Once you and your dog have the basics of car travel down, it’s time to plot your journey together. You’re going to want to map out stops along the way for potty breaks and walks. Plus, think about when and where your dog will enjoy their meals and how you plan to keep them hydrated.
On the checklist of essential supplies, double-check that your dog’s microchip and collar info are up to date and accurate. Have vaccination records on hand if you plan to cross state lines. “And to keep them feeling a bit at home, go ahead and bring their favorite blanket or bed, plus whatever toys or comfort items will reassure them,” Dr. Butzer adds.
How to Fly
There are two ways your dog can travel by plane — tucked away in an airplane-approved carrier at your seat or secured in a crate in the cargo hold. Given the unique and challenging method of air travel, not all dogs are the jet-setting type.
Dogs need to meet varying requirements to fly in-cabin with their human companion — from weight to age and breed. If your dog doesn’t meet your selected airline’s requirements, they’ll need to travel in the climate-controlled airplane hold. Just check that box when purchasing your ticket online and a fee will be added for your pooch. Be aware, however, that while airlines strive to secure your pet on the same flight and route as you, that’s sometimes not guaranteed.
“If your dog needs to travel in the hold, consider their personality and ability to cope alone for a long period without you,” Gilbert-Norton says. Becoming familiar with the crate at home and teaching them to stay relaxed will make the trip safer for everyone. If your dog is showing signs of anxiety brought on by separation, strangers, or long periods in their crate, Gilbert-Norton urges pet parents to rethink their travel plans.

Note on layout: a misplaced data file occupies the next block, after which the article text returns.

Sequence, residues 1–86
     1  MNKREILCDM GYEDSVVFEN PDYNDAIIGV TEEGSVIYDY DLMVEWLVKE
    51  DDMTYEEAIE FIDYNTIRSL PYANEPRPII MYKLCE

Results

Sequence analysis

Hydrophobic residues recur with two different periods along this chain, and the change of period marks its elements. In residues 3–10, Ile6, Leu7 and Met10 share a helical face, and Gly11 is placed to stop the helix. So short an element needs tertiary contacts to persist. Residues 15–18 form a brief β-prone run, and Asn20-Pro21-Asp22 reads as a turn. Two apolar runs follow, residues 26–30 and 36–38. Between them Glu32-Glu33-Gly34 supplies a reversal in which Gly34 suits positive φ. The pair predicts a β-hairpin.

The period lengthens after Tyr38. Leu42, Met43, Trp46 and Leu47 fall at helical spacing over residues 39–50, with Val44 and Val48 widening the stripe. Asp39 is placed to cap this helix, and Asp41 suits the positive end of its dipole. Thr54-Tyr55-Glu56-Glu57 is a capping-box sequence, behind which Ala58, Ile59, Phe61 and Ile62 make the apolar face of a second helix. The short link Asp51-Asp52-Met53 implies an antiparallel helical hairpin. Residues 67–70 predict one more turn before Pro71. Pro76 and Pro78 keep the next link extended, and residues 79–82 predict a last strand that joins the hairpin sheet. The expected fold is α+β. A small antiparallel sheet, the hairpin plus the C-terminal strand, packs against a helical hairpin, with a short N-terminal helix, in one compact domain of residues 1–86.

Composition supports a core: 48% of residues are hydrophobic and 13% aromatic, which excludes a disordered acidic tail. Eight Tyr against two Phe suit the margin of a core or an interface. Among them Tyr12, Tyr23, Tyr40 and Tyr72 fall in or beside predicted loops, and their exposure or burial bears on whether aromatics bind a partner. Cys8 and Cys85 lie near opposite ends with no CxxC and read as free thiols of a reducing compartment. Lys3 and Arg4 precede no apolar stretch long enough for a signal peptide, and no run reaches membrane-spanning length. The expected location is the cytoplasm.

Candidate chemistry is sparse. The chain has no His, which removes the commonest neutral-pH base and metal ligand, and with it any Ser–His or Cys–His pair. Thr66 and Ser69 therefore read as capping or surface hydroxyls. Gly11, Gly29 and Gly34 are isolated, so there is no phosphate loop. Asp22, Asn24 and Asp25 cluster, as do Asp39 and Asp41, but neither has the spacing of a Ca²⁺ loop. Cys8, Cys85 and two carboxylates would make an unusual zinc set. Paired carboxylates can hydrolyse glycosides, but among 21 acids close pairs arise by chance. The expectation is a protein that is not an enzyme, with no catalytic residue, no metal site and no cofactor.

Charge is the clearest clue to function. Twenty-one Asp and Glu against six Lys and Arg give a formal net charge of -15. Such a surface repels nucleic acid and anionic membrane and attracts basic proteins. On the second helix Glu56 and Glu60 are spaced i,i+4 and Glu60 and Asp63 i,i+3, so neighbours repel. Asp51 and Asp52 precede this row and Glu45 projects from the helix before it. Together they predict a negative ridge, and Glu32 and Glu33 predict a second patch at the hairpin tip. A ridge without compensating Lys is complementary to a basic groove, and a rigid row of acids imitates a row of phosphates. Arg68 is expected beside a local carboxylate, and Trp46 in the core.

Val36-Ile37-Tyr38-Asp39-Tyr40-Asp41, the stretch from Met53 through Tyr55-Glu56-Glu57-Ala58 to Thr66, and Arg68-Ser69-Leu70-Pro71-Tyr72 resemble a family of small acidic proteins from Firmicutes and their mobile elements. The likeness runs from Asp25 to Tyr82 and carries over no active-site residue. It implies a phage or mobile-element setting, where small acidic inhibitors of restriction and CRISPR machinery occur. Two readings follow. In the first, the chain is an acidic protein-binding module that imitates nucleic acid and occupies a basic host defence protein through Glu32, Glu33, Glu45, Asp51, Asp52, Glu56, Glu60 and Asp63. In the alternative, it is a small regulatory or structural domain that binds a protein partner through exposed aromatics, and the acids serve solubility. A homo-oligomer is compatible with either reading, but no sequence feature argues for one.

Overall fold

When travel by air is a must, talk with your veterinarian about medications that can provide relief. Over-the-counter calming chews might do the trick. Other times, prescription trazodone or alprazolam could be right for your dog.
Before your pet boards an airplane, they’ll need proper documentation including their health certificate, proof of vaccinations, and any diagnostic testing required by your destination. Your vet can help get the paperwork in place and meet the airline’s timing requirements before traveling. Preparation for a trip to a foreign country with your pet can take a few weeks to months, so talk to your vet as soon as you know your travel plans.
Track and Train
There are plenty of accessories created to give traveling dogs their comfort and space, from collapsible bowls to waterproof blankets. But UK-based canine behaviorist Annie-Mae Levy says it’s still hard to stop wandering hands from petting her London-bound charges. Traveling on crowded public transit can be challenging because it’s difficult for many members of the public to resist petting your animal companion when it’s not appropriate. That’s why cue training is Levy’s first task when prepping for public transit travel with dogs.“‘Tuck’ is a cue I use to ask a dog to go under or between my legs. People are less likely to trip over my dog and they’ll be less inclined to reach out and touch the dog.”
Other handy tools: indifference training to people, sounds, and other dogs — plus a well-known “settle” cue.
Should I travel with my pet?
“Be realistic about your dog’s personality, mood, coping skills, and level of training,” advises Gilbert-Norton. Sure, her pups dutifully pile into the car for road trips, but the canine behaviorist also knows they would rather stay at home than get on a plane, train, or other means of transport — and she respects this.
For Dani, traveling with Granger makes anywhere feel like home — and it’s clear that Granger shares her comfort and enthusiasm for exciting journeys and adventures. Days on the road, well, they never feel mundane with a furry co-pilot by your side.
A version of this article appeared in our partner magazine, Inside Your Dog’s Mind, in 2022.